Greek parliament ratified a controversial accord defining maritime boundaries between Greece and Egypt on Thursday, amid rising tensions with neighboring Turkey over energy resources in the Eastern Mediterranean.
The pact, which was sealed earlier this month and has already been ratified by Egypt's parliament, was approved by a majority of Greek lawmakers.
The Athens-Cairo agreement has angered Turkey, which says that it infringes on its own continental shelf. The agreement also overlaps with maritime zones Turkey agreed with Libya last year.
Turkey previously slammed the "so-called agreement."
Stressing that Greece and Egypt had no mutual sea border, the Turkish Foreign Ministry in a statement declared the so-called maritime agreement "null and void."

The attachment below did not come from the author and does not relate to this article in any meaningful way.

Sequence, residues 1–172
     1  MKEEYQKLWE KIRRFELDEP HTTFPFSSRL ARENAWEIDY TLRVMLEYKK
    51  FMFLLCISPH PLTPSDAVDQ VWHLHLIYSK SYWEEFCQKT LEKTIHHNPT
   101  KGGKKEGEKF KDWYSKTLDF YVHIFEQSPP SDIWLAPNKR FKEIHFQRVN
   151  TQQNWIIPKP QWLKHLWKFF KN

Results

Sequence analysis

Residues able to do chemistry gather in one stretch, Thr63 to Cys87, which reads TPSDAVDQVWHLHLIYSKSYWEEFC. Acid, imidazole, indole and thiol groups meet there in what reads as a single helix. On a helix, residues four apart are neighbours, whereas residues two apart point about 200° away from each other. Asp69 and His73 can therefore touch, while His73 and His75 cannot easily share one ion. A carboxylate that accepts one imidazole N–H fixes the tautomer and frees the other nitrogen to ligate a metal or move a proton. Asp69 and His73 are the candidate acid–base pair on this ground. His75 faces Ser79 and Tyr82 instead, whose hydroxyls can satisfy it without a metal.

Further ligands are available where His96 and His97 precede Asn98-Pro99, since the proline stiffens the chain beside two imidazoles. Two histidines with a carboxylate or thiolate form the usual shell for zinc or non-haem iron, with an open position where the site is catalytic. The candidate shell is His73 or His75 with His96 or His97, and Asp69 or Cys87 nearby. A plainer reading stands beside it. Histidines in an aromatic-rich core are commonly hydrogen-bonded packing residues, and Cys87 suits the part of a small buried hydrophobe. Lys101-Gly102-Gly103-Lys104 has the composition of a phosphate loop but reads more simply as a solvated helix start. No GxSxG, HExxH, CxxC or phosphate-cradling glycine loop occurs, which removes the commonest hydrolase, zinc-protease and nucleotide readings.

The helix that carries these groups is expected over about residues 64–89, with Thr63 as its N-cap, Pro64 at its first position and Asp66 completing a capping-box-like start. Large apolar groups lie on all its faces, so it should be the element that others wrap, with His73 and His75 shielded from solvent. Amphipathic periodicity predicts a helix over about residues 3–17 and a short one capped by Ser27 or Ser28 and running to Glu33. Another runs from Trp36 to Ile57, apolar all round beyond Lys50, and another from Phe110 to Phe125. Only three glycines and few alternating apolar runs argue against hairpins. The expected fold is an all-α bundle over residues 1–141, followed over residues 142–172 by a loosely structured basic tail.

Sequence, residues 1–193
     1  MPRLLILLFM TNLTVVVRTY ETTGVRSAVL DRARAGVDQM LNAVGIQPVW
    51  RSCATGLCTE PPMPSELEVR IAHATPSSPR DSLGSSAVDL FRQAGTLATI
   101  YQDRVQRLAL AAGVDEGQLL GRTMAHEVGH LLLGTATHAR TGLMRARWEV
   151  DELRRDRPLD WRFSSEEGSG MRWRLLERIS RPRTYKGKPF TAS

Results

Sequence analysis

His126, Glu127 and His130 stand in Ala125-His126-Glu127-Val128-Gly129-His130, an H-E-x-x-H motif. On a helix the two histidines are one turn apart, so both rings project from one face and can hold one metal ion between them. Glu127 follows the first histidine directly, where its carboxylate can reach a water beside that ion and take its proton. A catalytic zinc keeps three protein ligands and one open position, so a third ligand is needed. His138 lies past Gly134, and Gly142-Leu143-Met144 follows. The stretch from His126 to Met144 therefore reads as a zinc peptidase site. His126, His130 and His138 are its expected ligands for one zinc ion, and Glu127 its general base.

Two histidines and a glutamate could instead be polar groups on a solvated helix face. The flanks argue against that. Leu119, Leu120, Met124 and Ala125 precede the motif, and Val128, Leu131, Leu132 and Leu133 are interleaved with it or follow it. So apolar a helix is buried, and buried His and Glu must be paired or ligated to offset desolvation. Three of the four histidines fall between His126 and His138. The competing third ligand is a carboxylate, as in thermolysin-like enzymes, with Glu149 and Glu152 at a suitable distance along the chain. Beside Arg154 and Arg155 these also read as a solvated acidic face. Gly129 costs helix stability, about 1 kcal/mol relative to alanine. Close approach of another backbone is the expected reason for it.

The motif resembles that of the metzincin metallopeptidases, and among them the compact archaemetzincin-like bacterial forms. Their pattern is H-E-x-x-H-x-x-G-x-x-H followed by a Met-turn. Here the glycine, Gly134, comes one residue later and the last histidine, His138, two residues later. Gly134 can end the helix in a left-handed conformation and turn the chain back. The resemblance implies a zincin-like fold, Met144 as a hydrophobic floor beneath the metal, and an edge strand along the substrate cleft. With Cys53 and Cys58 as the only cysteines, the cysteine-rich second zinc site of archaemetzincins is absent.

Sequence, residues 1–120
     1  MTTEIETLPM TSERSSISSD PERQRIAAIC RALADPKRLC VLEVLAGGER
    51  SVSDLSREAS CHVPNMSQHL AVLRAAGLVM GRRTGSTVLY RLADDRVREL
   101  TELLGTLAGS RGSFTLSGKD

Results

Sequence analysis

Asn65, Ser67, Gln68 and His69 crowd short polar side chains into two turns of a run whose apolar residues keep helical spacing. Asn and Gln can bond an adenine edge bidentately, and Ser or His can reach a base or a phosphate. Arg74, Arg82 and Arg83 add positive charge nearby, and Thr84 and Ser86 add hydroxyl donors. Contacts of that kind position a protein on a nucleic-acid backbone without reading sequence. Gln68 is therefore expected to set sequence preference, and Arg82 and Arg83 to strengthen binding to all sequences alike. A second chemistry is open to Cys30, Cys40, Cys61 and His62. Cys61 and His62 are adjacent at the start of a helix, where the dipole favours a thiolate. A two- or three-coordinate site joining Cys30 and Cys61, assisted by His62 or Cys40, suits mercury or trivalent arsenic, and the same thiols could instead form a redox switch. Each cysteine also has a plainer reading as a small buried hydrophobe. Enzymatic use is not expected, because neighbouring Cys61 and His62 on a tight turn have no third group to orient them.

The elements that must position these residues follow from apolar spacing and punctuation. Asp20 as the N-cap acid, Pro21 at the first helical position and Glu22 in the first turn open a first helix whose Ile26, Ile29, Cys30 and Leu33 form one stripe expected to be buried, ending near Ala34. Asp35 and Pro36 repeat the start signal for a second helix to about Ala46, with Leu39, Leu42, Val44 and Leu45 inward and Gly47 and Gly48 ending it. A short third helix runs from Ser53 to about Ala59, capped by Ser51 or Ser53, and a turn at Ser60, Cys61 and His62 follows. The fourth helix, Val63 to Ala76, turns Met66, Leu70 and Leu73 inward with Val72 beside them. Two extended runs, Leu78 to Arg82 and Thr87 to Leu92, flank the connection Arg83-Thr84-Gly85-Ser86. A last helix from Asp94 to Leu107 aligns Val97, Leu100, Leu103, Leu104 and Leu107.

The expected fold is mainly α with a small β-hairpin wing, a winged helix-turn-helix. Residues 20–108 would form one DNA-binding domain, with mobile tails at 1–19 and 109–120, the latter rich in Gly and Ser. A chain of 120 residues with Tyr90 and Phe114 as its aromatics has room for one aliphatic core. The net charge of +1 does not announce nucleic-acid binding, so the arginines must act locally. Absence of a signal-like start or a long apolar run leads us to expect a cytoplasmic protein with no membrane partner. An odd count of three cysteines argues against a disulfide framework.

The so-called demarcated area is located on Turkey's continental shelf, as reported to the U.N., the ministry said.
It also noted that Egypt had already abandoned 11,500 square kilometers (3,352 square nautical miles) of its continental shelf in a previous agreement it signed with the Greek Cypriot administration in 2003.
Egypt is again losing its maritime jurisdiction with the latest so-called treaty, which also seeks to usurp Libya's rights, it said.
Turkey will not allow any activity in these areas and will continue to resolutely defend its legitimate rights and interests in the Eastern Mediterranean as well as those of the Turkish Republic of Northern Cyprus (TRNC), it added.
In a post on Twitter, Turkish Foreign Minister Mevlüt Çavuşoğlu said the "Greece-Egypt agreement is null and void. Will continue to resolutely defend rights of Turkey and Turkish Cypriots at the table and on the ground.”